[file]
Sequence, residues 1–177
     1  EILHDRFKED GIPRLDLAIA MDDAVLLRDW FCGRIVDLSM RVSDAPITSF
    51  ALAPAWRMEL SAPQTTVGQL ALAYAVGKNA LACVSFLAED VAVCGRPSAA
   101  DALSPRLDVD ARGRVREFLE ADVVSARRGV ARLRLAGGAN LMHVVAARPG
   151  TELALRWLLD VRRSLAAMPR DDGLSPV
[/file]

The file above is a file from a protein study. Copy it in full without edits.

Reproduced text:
Sequence, residues 1–177
     1  EILHDRFKED GIPRLDLAIA MDDAVLLRDW FCGRIVDLSM RVSDAPITSF
    51  ALAPAWRMEL SAPQTTVGQL ALAYAVGKNA LACVSFLAED VAVCGRPSAA
   101  DALSPRLDVD ARGRVREFLE ADVVSARRGV ARLRLAGGAN LMHVVAARPG
   151  TELALRWLLD VRRSLAAMPR DDGLSPV